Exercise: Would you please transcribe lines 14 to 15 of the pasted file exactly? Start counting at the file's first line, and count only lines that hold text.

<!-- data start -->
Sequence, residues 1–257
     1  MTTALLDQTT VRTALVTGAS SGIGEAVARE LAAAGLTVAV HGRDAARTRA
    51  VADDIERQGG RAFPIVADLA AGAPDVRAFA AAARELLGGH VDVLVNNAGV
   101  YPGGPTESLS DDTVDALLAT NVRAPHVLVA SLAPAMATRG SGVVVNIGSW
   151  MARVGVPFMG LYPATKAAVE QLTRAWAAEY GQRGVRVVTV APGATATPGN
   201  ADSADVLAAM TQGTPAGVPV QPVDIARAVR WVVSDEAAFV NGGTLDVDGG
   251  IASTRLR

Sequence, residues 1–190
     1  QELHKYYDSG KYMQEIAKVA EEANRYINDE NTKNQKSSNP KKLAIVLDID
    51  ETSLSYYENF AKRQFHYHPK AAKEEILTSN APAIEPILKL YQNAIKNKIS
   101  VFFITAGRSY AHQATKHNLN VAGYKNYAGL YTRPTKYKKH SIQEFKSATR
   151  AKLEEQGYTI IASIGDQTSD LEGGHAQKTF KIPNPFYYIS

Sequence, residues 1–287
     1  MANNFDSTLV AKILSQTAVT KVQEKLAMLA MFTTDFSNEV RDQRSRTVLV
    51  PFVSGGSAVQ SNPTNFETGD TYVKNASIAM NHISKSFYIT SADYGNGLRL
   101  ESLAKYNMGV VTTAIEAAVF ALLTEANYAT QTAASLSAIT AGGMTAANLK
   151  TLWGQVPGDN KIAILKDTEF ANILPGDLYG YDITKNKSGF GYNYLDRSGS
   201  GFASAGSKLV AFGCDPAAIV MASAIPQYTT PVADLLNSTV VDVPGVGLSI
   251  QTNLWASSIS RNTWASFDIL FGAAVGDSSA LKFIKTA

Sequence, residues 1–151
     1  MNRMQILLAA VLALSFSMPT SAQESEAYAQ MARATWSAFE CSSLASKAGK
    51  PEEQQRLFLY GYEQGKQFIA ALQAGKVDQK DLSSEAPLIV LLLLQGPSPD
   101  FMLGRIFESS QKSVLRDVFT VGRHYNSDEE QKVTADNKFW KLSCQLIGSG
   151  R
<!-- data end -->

     1  MANNFDSTLV AKILSQTAVT KVQEKLAMLA MFTTDFSNEV RDQRSRTVLV
    51  PFVSGGSAVQ SNPTNFETGD TYVKNASIAM NHISKSFYIT SADYGNGLRL